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ENTERTAINMENT
November 2, 2010 | By Steven Zeitchik, Los Angeles Times
During the Toronto International Film Festival, a Hollywood manager, an up-and-coming director and some executives from the Weinstein Co. had gathered for dinner at the city's Windsor Arms Hotel. It appeared to be a typical movie-business gathering ? except that most of the people at the table were speaking with Swedish accents. The diners were celebrating Weinstein's upcoming U.S. release of "Snabba Cash," a Swedish crime drama that created a sensation among American distributors when it premiered at the Berlin Film Festival this year.
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ENTERTAINMENT
April 20, 2008 | Noel Murray and Dennis Lim, Special to The Times
The BBC Natural History Collection Featuring Planet Earth BBC, $199.92 Nirvana for nature-doc geeks -- and a likely source of slack-jawed wonderment for most other demographics -- this expansive collection brings together four recent series, all narrated by David Attenborough. The 17-disc set (33 hours of programming, 12 hours of bonus material) includes "The Life of Mammals," "The Life of Birds" and "The Blue Planet: Seas of Life," all vivid and arresting travelogues.
NEWS
April 29, 1996 | MARK EHRMAN, SPECIAL TO THE TIMES
The Scene: Plenty of "Friends" and other friends were among the 700 or so people who showed up at the Directors Guild on Thursday night for the premiere of "The Pallbearer," a dark but sugary romantic comedy starring the "Friends" TV series' cute nice guy David Schwimmer in his first feature film lead role--where he coincidentally plays a cute nice guy who is mired in perpetual adolescence.
SPORTS
October 21, 1988
Irving Rudd, 71, Top Rank publicist, is working at the training camp of boxer Thomas Hearns. Says Rudd: "Hearns and I have had a very close relationship. There's nothing I wouldn't do for him and there's nothing he wouldn't do for me, and that's how it's been for 10 years now--we've done nothing for each other." Was Orel Hershiser really cut from his high school baseball team? It's news to the kid who caught him. Rick Santarone, Hershiser's batterymate at Cherry Hill East (N.J.
ENTERTAINMENT
March 8, 2009 | Dennis Lim
Vampire stories are always about desire and repression, which makes the teenage vampire an especially potent symbol of the hormonal confusion and awkward intensity of the wonder years. "Buffy the Vampire Slayer" and "Angel" confirmed the pop-culture potential of adolescent bloodsuckers, and the phenomenon reached a frenzied peak with the recent teen-girl hit "Twilight" (out on DVD and Blu-ray March 21).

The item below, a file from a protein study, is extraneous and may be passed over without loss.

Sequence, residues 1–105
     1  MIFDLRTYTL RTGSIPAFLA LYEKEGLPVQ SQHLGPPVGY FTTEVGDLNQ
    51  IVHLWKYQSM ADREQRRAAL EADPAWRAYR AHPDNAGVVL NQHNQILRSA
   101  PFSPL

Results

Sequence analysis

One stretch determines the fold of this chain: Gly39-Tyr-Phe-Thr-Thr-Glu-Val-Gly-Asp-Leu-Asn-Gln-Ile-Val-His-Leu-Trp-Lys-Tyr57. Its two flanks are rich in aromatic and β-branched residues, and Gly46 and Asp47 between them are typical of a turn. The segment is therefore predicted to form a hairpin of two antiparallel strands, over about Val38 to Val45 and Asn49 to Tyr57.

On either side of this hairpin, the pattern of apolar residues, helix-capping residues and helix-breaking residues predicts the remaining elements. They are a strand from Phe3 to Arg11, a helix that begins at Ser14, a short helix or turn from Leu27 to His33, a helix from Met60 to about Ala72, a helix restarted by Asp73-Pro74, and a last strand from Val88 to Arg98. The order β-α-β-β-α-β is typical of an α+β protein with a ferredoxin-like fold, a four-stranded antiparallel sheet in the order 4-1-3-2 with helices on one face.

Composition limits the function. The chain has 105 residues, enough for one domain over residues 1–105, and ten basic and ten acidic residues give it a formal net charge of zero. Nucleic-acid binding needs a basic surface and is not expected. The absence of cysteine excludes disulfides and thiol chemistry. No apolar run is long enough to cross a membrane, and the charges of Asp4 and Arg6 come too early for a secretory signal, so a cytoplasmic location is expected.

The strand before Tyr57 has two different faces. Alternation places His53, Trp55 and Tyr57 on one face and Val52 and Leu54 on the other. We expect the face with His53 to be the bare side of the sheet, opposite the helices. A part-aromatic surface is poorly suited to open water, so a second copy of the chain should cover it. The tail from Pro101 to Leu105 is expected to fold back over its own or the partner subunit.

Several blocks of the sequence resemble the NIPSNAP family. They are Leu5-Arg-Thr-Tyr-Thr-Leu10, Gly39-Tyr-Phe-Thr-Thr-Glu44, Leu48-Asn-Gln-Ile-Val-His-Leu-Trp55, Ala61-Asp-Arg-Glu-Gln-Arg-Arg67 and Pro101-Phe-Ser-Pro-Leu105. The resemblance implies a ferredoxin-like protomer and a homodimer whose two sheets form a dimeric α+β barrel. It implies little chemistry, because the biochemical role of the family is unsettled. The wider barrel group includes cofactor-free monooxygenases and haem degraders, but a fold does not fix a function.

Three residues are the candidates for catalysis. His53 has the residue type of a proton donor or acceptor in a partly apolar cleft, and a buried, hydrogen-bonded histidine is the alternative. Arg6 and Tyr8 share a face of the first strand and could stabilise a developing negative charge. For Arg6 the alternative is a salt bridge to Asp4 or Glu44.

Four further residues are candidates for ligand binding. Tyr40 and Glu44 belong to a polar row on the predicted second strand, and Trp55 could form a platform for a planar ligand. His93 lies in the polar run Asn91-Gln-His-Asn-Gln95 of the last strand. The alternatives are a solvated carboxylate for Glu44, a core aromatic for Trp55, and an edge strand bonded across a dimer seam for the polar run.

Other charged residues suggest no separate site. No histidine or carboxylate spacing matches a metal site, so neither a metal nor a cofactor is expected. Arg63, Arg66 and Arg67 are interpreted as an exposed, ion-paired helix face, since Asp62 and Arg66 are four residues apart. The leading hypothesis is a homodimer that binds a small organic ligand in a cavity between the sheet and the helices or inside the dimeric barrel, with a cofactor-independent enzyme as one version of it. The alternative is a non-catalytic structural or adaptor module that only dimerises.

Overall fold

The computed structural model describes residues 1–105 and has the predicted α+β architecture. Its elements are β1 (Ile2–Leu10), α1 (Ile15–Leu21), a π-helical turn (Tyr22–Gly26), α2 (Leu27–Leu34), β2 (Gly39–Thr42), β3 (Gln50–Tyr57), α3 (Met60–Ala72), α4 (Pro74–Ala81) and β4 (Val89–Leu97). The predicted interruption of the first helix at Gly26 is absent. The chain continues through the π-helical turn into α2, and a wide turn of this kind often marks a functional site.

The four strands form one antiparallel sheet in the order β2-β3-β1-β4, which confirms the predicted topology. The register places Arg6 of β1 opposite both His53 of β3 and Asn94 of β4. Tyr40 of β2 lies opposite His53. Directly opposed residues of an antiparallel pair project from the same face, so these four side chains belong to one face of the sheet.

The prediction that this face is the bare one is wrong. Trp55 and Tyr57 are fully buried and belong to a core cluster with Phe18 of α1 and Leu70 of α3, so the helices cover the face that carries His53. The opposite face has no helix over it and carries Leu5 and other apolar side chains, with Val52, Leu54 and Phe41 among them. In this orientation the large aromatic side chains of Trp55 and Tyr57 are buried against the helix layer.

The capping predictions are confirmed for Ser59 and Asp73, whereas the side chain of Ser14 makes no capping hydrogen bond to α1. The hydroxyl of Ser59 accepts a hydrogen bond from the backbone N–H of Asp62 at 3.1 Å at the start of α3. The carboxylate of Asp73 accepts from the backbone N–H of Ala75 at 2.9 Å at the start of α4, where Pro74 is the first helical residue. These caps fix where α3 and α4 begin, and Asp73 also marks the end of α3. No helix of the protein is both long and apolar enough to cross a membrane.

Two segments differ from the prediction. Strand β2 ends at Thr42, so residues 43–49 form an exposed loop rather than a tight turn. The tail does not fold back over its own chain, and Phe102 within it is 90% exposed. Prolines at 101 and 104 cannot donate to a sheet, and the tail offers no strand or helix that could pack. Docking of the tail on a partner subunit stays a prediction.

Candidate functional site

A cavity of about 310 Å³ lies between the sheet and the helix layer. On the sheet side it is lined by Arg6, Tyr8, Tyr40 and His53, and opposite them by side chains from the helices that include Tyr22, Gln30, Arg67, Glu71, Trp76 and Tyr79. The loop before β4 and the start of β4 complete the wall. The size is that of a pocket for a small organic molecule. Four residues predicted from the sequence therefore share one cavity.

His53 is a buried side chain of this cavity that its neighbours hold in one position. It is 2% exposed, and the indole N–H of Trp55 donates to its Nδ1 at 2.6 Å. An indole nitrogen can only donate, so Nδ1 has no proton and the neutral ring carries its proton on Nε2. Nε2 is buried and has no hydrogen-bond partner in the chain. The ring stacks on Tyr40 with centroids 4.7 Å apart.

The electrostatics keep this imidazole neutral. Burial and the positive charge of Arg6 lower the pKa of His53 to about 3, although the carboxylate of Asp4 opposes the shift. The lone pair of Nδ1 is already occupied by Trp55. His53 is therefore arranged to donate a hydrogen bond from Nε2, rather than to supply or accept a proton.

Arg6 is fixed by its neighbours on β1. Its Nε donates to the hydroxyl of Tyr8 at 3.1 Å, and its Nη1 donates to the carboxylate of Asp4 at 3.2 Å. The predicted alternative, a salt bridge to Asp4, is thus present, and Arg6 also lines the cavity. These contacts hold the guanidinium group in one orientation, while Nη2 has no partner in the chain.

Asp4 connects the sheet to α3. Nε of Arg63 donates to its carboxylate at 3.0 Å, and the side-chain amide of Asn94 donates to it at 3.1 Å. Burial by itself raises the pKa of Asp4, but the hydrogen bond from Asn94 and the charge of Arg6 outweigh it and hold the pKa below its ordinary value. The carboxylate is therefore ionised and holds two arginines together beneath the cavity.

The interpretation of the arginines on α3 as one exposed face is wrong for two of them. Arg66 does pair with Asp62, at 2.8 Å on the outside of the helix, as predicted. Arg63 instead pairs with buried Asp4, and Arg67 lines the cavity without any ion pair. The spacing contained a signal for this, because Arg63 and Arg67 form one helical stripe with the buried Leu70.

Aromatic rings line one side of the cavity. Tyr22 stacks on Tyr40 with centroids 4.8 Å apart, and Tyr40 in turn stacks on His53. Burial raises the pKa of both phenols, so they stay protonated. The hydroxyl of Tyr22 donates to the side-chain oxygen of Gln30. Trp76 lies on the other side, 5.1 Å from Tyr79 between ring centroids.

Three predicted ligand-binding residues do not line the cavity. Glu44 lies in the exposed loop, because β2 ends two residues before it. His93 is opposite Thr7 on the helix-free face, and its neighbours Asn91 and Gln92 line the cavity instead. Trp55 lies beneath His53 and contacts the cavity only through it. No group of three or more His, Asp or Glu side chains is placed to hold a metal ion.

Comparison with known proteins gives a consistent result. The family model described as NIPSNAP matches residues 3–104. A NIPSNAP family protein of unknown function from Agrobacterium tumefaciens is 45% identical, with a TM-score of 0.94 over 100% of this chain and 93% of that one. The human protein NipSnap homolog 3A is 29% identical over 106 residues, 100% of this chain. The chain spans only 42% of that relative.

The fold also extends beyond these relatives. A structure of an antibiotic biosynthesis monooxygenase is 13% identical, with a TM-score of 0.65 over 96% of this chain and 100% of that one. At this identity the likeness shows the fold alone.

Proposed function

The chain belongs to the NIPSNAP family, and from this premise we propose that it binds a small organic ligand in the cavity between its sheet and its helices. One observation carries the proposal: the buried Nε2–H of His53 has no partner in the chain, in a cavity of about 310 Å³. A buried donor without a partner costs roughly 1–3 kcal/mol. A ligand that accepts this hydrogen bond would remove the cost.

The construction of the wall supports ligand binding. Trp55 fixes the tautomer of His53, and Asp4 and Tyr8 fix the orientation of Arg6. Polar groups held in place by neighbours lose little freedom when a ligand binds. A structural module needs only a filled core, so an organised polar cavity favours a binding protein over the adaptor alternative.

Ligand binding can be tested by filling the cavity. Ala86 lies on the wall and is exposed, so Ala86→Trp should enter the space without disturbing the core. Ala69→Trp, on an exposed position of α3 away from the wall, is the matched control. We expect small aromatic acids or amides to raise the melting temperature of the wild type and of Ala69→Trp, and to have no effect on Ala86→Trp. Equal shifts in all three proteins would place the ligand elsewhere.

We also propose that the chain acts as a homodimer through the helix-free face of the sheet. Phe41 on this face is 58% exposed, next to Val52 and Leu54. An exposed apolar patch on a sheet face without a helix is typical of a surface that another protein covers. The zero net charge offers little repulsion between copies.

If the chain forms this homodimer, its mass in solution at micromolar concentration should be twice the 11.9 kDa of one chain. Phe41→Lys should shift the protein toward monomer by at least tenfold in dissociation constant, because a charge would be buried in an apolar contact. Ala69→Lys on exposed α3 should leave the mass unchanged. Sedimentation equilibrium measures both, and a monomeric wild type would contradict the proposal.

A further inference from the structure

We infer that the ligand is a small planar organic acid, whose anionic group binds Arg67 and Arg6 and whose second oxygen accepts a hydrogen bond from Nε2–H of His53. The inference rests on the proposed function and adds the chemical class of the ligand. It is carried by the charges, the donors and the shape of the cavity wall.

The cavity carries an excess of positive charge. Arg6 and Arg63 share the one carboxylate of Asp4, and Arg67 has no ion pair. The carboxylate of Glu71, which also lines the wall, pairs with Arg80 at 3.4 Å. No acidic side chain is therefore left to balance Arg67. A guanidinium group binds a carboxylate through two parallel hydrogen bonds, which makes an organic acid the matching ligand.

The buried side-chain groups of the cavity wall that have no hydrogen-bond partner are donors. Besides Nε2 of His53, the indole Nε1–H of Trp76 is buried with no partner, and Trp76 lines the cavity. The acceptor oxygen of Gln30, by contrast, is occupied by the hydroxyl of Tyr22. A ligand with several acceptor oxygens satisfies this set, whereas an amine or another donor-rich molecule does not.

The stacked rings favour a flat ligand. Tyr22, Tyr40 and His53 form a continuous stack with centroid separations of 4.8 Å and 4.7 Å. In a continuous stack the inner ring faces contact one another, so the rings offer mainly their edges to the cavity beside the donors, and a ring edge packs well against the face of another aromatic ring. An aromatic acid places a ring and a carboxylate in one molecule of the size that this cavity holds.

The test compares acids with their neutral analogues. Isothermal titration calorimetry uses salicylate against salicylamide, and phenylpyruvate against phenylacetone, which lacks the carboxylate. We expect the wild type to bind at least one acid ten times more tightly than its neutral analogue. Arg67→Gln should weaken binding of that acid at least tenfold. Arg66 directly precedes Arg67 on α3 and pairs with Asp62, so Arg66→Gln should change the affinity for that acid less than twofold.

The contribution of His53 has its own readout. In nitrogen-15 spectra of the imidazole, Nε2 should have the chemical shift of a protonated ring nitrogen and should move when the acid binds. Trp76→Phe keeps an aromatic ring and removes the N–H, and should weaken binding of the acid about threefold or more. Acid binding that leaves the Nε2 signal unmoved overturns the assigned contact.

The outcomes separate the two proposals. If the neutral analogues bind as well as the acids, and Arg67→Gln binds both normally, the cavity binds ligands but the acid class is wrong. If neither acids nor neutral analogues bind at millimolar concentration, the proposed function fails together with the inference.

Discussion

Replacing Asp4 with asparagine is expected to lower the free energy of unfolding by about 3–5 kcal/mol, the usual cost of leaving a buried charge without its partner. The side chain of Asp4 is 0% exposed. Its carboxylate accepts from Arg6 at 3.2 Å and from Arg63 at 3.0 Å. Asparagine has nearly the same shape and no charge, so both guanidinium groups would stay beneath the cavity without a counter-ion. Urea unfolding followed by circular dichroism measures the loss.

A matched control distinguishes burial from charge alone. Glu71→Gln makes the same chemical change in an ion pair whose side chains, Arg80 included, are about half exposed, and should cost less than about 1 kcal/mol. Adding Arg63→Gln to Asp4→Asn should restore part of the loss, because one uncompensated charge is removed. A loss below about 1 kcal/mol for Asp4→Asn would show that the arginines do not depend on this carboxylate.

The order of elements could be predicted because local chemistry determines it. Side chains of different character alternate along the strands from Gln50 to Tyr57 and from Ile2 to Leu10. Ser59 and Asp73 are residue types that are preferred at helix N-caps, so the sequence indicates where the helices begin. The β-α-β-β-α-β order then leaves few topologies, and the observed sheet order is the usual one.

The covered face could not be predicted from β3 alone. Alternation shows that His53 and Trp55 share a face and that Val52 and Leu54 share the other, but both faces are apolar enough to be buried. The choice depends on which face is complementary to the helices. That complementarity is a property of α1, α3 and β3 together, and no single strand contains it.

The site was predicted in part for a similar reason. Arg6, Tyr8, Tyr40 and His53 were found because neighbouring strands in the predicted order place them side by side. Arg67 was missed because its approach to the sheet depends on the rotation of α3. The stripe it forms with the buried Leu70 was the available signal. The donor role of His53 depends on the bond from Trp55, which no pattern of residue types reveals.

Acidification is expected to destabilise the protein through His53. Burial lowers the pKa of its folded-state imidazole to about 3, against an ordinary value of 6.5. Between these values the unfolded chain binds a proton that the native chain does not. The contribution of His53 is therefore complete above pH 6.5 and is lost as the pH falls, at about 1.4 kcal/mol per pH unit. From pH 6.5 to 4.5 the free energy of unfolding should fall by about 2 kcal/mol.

ENTERTAINMENT
May 24, 2013 | By Steven Zeitchik, Los Angeles Times
CANNES, France - For the better part of two decades, director James Gray has been making textured dramas about people, often immigrants and their children, who experience all manner of frustration and struggle. It prepared him well for the events of the last five years. Gray came to the Cannes Film Festival in 2008 with "Two Lovers," an immigrant-themed love- triangle story starring Joaquin Phoenix, Vinessa Shaw and Gwyneth Paltrow. Though many would later regard it as a bravura piece of European-style melodrama, it was poorly received in the echo chamber of Cannes reviewers and even booed at some screenings.
ENTERTAINMENT
January 18, 2008 | Kevin Crust, Times Staff Writer
WITH the running times of most popcorn movies lurching well past two hours on the way to three these days, it's not often that we're left wanting more. But that's precisely the response induced by the 21st century monster movie "Cloverfield" as it clocks in at a brisk 85 minutes (and that's including 10 minutes of end credits).
ENTERTAINMENT
July 17, 1995 | PETER RAINER, TIMES STAFF WRITER
In "Under Siege 2: Dark Territory" Steven Seagal is back as Casey Ryback, ex-Navy SEAL and current cook, and he's as snidely catatonic as ever. Ryback spends most of the movie cracking necks and clambering atop speeding trains, which is just as well, because whenever he slows down for a quiet scene with his estranged 17-year-old niece, Sarah (Katherine Heigl), he resembles one of those impassive cartoon characters whose only mobile feature is a movable mouth.
ENTERTAINMENT
January 30, 2011 | By Noel Murray, Special to the Los Angeles Times
Let Me In Anchor Bay, $29.98; Blu-ray, $39.99 Writer-director Matt Reeves doesn't take any huge chances in his remake of the popular Swedish vampire movie "Let the Right One In," but everything that worked the first time works just as well the second. Chloƫ Moretz stars as an ancient vampire who looks like a 12-year-old girl, while Kodi Smit-McPhee plays a lonely neighbor boy who falls for her and is inspired to stand up to vicious bullies at school. "Let Me In" retains the moody atmosphere of Tomas Alfredson's film right down to the snowy setting and muted earth tones, and it effectively translates what makes the original special: the merging of adolescent alienation and literal, visceral pain.
ENTERTAINMENT
January 27, 2003 | Josh Friedman, Times Staff Writer
In "Miracles," Paul Callan and his mysterious band of truth seekers are trying to unlock the secrets of a looming cataclysm before it's too late. In "Veritas: The Quest," Nikko Zond and his father's team of daring researchers are risking their lives in pursuit of the ancient secrets of civilization. And you thought your job was difficult. The shows premiere tonight on ABC -- whose quest, of course, is for an audience on Monday night now that football season is over.
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